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Potential Biases Arising from Epidemic Dynamics in Observational Seroprotection Studies

Authors
  • Kahn, Rebecca1, 1
  • Kennedy-Shaffer, Lee1, 1
  • Grad, Yonatan H1
  • Robins, James M1, 1
  • Lipsitch, Marc1, 1, 1
  • 1 Harvard TH Chan School of Public Health, USA , (United States)
Type
Published Article
Journal
American Journal of Epidemiology
Publisher
Oxford University Press
Publication Date
Sep 01, 2020
Identifiers
DOI: 10.1093/aje/kwaa188
PMID: 32870977
PMCID: PMC7499481
Source
PubMed Central
Keywords
License
Unknown

Abstract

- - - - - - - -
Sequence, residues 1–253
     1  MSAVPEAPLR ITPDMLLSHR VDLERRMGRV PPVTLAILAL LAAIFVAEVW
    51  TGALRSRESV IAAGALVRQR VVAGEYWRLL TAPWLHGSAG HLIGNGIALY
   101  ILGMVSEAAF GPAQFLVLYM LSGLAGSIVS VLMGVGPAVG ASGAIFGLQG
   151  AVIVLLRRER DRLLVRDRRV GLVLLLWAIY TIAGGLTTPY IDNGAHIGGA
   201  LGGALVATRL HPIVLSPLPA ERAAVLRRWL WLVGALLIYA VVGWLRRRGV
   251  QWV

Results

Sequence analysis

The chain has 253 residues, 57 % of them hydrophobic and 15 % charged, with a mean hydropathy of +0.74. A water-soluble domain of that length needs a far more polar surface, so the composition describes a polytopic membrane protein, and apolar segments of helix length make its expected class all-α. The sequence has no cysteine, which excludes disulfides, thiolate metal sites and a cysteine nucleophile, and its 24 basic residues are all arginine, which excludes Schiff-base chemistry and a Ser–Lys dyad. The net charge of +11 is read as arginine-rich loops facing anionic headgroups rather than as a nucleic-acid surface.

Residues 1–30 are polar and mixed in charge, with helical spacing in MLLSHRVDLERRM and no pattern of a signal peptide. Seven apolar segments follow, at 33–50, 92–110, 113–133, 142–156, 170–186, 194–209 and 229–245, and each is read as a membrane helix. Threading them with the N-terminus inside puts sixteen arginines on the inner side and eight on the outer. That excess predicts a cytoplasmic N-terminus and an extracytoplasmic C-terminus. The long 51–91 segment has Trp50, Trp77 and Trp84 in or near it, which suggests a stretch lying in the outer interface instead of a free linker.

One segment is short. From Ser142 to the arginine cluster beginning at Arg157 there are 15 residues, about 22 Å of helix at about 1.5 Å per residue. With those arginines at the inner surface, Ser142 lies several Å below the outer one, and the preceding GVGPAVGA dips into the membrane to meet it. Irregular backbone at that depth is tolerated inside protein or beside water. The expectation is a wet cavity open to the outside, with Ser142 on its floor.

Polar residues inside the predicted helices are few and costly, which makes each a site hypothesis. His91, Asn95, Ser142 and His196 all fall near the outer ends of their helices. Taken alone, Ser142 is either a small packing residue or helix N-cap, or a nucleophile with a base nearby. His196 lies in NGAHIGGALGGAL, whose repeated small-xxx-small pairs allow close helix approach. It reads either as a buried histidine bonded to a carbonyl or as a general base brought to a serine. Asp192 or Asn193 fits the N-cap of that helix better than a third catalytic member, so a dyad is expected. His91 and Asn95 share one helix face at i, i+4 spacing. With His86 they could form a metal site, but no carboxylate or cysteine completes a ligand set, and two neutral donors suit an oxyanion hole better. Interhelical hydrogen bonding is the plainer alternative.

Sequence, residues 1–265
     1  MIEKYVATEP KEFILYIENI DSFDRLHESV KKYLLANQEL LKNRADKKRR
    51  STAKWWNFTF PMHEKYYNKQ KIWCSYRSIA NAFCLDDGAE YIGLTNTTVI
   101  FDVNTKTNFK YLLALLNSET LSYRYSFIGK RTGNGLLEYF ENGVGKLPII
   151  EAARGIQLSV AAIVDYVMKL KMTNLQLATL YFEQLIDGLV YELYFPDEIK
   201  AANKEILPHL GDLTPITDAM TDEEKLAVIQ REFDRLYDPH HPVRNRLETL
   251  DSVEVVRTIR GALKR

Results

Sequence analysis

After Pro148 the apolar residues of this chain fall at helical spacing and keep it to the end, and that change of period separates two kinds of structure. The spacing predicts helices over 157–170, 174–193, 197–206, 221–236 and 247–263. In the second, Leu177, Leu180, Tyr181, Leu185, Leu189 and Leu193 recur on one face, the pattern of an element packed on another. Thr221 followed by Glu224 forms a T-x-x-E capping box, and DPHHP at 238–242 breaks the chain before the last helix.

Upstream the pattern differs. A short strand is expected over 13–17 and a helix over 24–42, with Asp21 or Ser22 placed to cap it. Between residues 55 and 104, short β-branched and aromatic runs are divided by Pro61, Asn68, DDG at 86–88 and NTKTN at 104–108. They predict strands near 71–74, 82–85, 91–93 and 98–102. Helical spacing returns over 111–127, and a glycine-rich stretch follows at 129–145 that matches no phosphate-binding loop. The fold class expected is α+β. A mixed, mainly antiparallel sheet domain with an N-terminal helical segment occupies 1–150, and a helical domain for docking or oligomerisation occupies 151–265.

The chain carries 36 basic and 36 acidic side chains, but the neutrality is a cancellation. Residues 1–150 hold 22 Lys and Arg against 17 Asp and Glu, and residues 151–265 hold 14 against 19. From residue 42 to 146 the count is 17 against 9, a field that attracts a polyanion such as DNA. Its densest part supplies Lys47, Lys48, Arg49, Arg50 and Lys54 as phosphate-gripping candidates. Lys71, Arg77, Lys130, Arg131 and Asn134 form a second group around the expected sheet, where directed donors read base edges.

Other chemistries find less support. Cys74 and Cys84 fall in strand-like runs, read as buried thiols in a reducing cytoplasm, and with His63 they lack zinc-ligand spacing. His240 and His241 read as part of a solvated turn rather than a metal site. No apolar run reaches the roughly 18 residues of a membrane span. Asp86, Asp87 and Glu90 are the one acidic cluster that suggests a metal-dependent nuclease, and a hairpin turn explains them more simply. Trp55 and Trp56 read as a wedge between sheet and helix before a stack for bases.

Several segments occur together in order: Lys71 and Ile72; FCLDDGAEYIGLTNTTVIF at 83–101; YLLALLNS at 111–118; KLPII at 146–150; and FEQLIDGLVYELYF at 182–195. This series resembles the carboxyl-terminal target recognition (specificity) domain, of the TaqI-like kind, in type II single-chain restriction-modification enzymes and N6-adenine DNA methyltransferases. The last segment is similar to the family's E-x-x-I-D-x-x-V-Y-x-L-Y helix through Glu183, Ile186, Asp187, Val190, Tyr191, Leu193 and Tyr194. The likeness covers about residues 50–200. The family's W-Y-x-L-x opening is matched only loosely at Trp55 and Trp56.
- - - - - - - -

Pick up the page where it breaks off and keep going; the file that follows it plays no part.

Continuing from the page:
The extent and duration of immunity following SARS-CoV-2 infection are critical outstanding questions about the epidemiology of this novel virus, and studies are needed to evaluate the effects of serostatus on reinfection. Understanding the potential sources of bias and methods to alleviate biases in these studies is important for informing their design and analysis. Confounding by individual-level risk factors in observational studies like these is relatively well appreciated. Here, we show how geographic structure and the underlying, natural dynamics of epidemics can also induce noncausal associations. We take the approach of simulating serologic studies in the context of an uncontrolled or a controlled epidemic, under different assumptions about whether prior infection does or does not protect an individual against subsequent infection, and using various designs and analytic approaches to analyze the simulated data. We find that in studies assessing whether seropositivity confers protection against future infection, comparing seropositive individuals to seronegative individuals with similar time-dependent patterns of exposure to infection, by stratifying or matching on geographic location and time of enrollment, is essential to prevent bias.

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